Can you be your own registered agent? Entrepreneurs may act as an RA instead of appointing assistance from a third party. However, please remember that you will need to follow specific rules as a registered agent. You must be available between general business hours and have a physical street address in the state of the company’s formation. Don’t worry if your fully remote company doesn’t meet these requirements. You may always appoint a third party organization to step in and act as the point of contact on your behalf.
Remote workers must have a workers’ compensation policy
Outside of these legal requirements is another crucial policy: workers’ compensation. Working from the comfort of home, unfortunately, does not protect against potential injuries.
Nick Swenson is the founder of Swenson He, a digital product agency in Los Angeles and Dallas.
Prior to COVID-19, Swenson created a work from home policy that would allow his team to work remotely. The agency did a month-long trial period of remote work, starting with “Work From Home Wednesdays,” to iron out any issues. The company’s remote work policy was quickly finalized due to COVID-19, but not before Swenson clearly examined the company’s workers’ compensation policy.
“Companies should always double check their policy and confirm with their underwriter regarding the limits of coverage,” Swenson said.
Generally, a workers’ compensation policy will cover an employee if the injury occurs in conjunction with regular work duties. If the employee suffers an injury at home, he or she must notify the company immediately. It may be necessary for the employer to visit the home, as well.
What about remote workers who live with family members?
“It is important to specify that coverage does not include injury to family members, visitors or others that may become injured within or around the employee’s home,” Swenson said.
Part of Swenson’s remote work policy includes a safety checklist. Small businesses may consider implementing such a checklist for remote workers. Employees who work from home must submit a completed safety checklist that reviews the safety of their home. This includes keeping computer equipment out of direct sunlight and hot spaces, and avoiding the consumption of food and drink near data and equipment, etc.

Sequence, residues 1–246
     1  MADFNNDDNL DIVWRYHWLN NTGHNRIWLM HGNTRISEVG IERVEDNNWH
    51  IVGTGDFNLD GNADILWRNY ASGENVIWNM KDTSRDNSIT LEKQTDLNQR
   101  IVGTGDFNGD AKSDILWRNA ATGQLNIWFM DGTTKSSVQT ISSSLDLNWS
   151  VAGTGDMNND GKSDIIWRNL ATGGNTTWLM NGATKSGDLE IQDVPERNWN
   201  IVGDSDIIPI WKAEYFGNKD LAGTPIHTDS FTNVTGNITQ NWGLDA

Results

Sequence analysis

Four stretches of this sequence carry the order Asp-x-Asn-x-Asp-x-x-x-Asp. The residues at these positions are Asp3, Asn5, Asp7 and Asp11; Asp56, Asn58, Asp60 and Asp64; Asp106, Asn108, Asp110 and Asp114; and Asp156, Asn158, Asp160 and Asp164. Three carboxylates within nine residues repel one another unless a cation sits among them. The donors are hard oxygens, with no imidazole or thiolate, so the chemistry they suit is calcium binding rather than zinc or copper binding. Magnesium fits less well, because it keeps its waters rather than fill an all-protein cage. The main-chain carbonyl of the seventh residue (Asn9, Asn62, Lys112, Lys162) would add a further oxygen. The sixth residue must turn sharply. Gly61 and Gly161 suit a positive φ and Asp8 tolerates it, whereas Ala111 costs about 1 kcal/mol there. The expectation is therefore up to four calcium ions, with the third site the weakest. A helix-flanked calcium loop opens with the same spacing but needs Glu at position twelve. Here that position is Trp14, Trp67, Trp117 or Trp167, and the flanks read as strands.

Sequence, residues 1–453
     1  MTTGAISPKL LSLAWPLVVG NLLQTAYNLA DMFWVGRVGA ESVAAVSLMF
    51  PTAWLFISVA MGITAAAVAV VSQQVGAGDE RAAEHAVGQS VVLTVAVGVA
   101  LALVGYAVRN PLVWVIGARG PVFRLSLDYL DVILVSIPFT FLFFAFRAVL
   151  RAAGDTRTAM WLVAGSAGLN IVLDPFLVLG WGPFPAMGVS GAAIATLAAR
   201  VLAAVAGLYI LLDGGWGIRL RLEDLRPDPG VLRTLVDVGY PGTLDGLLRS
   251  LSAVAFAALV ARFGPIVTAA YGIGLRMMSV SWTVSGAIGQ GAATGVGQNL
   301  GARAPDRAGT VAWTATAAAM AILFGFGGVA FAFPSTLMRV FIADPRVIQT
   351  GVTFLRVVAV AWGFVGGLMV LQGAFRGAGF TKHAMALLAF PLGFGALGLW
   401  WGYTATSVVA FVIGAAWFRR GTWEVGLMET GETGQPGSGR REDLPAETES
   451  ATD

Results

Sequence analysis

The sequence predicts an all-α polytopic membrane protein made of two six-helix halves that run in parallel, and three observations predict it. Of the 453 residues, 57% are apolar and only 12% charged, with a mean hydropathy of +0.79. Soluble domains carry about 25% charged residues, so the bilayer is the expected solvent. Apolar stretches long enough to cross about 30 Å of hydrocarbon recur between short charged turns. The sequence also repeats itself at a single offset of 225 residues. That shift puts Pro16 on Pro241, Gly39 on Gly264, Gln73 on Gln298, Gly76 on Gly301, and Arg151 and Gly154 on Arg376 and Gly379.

File a foreign qualification
What is a foreign qualification?
Let’s say that your business initially incorporated in California. Your business wants to operate fully and remote in Nevada. In order to do business in Nevada, your company must be able to qualify, or register, the business as a foreign corporation in the new state outside of the initial formation state. This foreign qualification gives the business permission to do business in Nevada, as well as any remaining business they’d like to conduct in California.
How do I foreign qualify?
Once you’ve formed an LLC or corporation for your company, you will need to apply for a certificate of good standing. This is verification from the local Secretary of State that proves your small business is in compliance.
In this scenario, for example, you would receive a certificate of good standing from the California Secretary of State. This helps verify to Nevada that your business is in existence and up-to-date with its tax payments and filing deadlines.
After receiving your certificate of good standing, make sure that you have evidence of a designated registered agent. Then, you may file to register your business as a foreign corporation — and be well on your way to turning your company fully remote while remaining in compliance.